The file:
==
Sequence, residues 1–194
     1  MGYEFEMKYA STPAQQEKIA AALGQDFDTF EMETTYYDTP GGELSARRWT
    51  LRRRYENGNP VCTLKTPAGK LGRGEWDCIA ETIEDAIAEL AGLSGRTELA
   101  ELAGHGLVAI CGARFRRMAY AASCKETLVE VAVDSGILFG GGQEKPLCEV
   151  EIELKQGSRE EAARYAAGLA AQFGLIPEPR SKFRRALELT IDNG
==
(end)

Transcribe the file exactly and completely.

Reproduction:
Sequence, residues 1–194
     1  MGYEFEMKYA STPAQQEKIA AALGQDFDTF EMETTYYDTP GGELSARRWT
    51  LRRRYENGNP VCTLKTPAGK LGRGEWDCIA ETIEDAIAEL AGLSGRTELA
   101  ELAGHGLVAI CGARFRRMAY AASCKETLVE VAVDSGILFG GGQEKPLCEV
   151  EIELKQGSRE EAARYAAGLA AQFGLIPEPR SKFRRALELT IDNG